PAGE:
Talks from The New Yorker Festival Available as Video Podcasts

newyorkercoverold.jpgIn ear­ly Octo­ber, The New York­er mag­a­zine held its eighth annu­al fes­ti­val in NYC. (Yikes! As I am typ­ing I’m feel­ing my first earth­quake here in Cal­i­for­nia. Appar­ent­ly 5.7 on Richter scale. Details here.) Any­way, the fes­ti­val brings to the stage an impres­sive list of writ­ers & artists (see the full sched­ule here). And while the aver­age New York­er had to pay some­where between $16 and $100 to attend the var­i­ous events, you can now watch a select num­ber of them for free. The free videos fea­ture New York­er edi­tor David Rem­nick speak­ing with Sey­mour Hersh about his inves­tiga­tive jour­nal­ism and Amer­i­ca’s involve­ment in Iraq and Iran; Nobel Prize win­ner Orhan Pamuk and Salman Rushdie dis­cussing how they approach writ­ing about their respec­tive home­lands, Turkey and India; and Mar­tin Amis and Ian Buru­ma mak­ing sense of his­tor­i­cal “mon­sters” and the psy­chol­o­gy that dri­ves evil. Also Philip Goure­vitch leads a quite thought-pro­vok­ing con­ver­sa­tion with Errol Mor­ris about Abu Ghraib and what did and did not hap­pen there. (Abu Ghraib is the sub­ject of Morris’s next film.) Then, on the lighter side, come­di­an Steve Mar­tin amus­es the crowd by show­ing clips of his stand-up per­for­mances, and film­mak­er Judd Apa­tow talks with film crit­ic David Den­by about his new com­e­dy “Knocked Up.”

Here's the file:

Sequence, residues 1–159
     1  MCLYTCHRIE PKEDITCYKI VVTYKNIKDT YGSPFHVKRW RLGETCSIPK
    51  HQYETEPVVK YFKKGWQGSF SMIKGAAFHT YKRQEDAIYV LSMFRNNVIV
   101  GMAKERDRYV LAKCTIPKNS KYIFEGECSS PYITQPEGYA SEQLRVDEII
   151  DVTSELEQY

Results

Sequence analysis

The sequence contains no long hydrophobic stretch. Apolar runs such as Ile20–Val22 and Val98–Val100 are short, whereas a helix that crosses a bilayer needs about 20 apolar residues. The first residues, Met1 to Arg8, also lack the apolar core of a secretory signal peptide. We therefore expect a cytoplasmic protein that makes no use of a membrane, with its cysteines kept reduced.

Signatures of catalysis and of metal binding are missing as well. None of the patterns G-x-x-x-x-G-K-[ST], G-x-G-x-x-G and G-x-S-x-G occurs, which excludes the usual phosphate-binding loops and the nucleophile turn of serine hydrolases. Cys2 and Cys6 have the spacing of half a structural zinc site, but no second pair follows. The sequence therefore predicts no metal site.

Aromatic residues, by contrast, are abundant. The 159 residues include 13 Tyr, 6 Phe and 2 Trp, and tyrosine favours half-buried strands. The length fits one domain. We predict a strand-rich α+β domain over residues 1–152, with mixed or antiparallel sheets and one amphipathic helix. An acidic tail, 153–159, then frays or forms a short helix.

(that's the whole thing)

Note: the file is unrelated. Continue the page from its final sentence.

You can access these video talks in one of three ways. Watch them online right on The New York­er web site; head over to Itunes where you can down­load them as video pod­casts; or work with the video rss feed.

Relat­ed Con­tent:

100 Top Jazz CDs

If you’re look­ing to build your jazz col­lec­tion, this site offers some sound guid­ance. It fea­tures 100 top jazz CDs. Although inher­ent­ly sub­jec­tive, the list includes many indis­putable clas­sics that belong in any respectable jazz col­lec­tion. (Note: if you click on the link for each album, you’ll find some back­ground infor­ma­tion that’s often worth read­ing.)

For more jazz, check out our col­lec­tion of Music Pod­casts which includes a decent selec­tion of, yes, jazz pod­casts.

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Reading Great Books with The New York Times (Starting with War & Peace)